Tag Archives: storytelling

Telling stories at work


By Elisabeth Goodman, 4th October 2017

Why tell stories at work?

I first heard about the power of using stories at work, in the context of sharing knowledge and building learning and understanding, in the 1990s.

Stories are a powerful way to share knowledge and build learning and understanding.

David Snowden, who was then a Director at the IBM Institute for Knowledge Management, was a chief exponent of the use of narrative to convey complex messages.  (Snowden’s work has since evolved, and there is an informative and somewhat entertaining account of David Snowden on David Gurteen’s website.  Gurteen is himself somewhat of a guru of Knowledge Management.)

what makes stories so powerful?

Paul McGee tells us why stories are so powerful in his article “The power of telling stories” for the April 2017 issue of the Training Journal.  He reminds us that we have been using stories since the cave paintings 20,000 years ago, and we continue to engage with stories through books, TV programmes, film and in our day-to-day conversations.

And the reason, he tells us, why good stories are so engaging, is that they activate every part of the brain.  Not only the language processing parts, but every other part of the brain.  The more sensory and action words we include: how things look, smell, feel, and the actions involved – the more we engage the parts of the brain that would be activated if the listener was actually experiencing the event themselves.  They don’t actually need to be experiencing it for this to happen..

The result of telling a good story in this way is that it engages the emotions as well as the intellect.  Emotions make a story more memorable, more inspiring, and so are more likely to lead to commitment and to action.

When and How to tell a good story?

1.  Choose your opportunity and your topic

Stories can be shared about just about anything – but they do need to have a point to be effective!

Here are some situations I can think of – and that I have experimented with in my work with RiverRhee:

In a one-to-one mentoring or coaching situation to give a verbal example of how to do something, or not to do something based on your own experience of doing so.

In a training course or workshop, to convey some key principles, a framework or a methodology.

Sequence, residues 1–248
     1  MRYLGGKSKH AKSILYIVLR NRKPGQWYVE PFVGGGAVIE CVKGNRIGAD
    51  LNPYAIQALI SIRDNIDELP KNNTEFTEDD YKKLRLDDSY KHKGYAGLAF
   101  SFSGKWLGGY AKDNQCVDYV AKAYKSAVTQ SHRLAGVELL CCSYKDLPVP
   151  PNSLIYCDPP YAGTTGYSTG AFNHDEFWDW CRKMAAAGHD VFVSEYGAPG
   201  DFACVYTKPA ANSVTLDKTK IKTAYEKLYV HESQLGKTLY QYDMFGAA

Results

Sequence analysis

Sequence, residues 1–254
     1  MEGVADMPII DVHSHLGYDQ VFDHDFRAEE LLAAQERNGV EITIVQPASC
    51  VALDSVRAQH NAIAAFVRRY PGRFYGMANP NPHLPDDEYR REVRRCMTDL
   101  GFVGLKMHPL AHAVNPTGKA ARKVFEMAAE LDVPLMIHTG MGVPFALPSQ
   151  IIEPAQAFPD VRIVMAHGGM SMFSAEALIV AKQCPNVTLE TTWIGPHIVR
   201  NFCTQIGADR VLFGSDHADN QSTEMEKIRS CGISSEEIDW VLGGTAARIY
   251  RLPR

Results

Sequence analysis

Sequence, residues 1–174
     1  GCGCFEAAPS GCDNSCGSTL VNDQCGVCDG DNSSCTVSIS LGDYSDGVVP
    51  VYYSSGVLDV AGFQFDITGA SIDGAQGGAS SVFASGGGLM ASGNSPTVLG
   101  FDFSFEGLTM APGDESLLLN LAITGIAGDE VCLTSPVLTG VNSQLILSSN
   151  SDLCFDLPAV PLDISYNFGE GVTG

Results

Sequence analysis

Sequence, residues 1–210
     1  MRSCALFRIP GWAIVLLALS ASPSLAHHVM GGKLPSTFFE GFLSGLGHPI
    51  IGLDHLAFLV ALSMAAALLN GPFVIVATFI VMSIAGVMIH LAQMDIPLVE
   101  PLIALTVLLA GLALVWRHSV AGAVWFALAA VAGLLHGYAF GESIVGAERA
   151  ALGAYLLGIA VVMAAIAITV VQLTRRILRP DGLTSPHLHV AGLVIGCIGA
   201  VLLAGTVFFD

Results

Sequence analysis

During a presentation, to get people’s attention and/or to illustrate some key points that you want to get across

2.  Think of a main character or characters, an event, and an outcome

As McGee says, in the Training Journal article, artistic licence is fine.  The story does not have to be true, although you might find it easier to create it, and to be convincing, if it has some basis on reality.

Christopher Booker, in “The Seven Basic Plots” (Bloomsbury, 2014), argues that these different plots (including comedy, tragedy, quests, rags to riches, encounters with monsters, voyages, rebirths) actually resolve themselves into some basic common denominators.

So, as he says, a typical story unfolds as follows: “once upon a time there was such and such a person, living in such and such a place… then, one day, something happened”.  That happening leads the main character (hero or heroine) into some experience that changes their lives.  There is conflict and uncertainty.  Ultimately there is some form of resolution.

One of my most powerful stories of this type illustrates how people can react to changes that they initially perceive as positive.  The words used in the change curve below mirror, to some extent, those for Booker’s story plot above.

Positive change curve – from “The Effective Team’s Change Management Workbook”, RIverRhee Publishing, 2013

Although I can’t share the details of the change here, it was a family event that we had instigated, thinking that it was the right thing to do (uninformed certainty).  No sooner had we initiated it, than I literally felt like I had gone cold with shock (informed doubt!).  We persevered for a while, but eventually realised that the solution was not going to be as easy as we had thought, and that we had to start exploring other options (realistic concern).  Eventually we did find a way forward and are in a much better place (emotionally and intellectually!) now (informed certainty).

3.  Add some sensory detail – and try some metaphors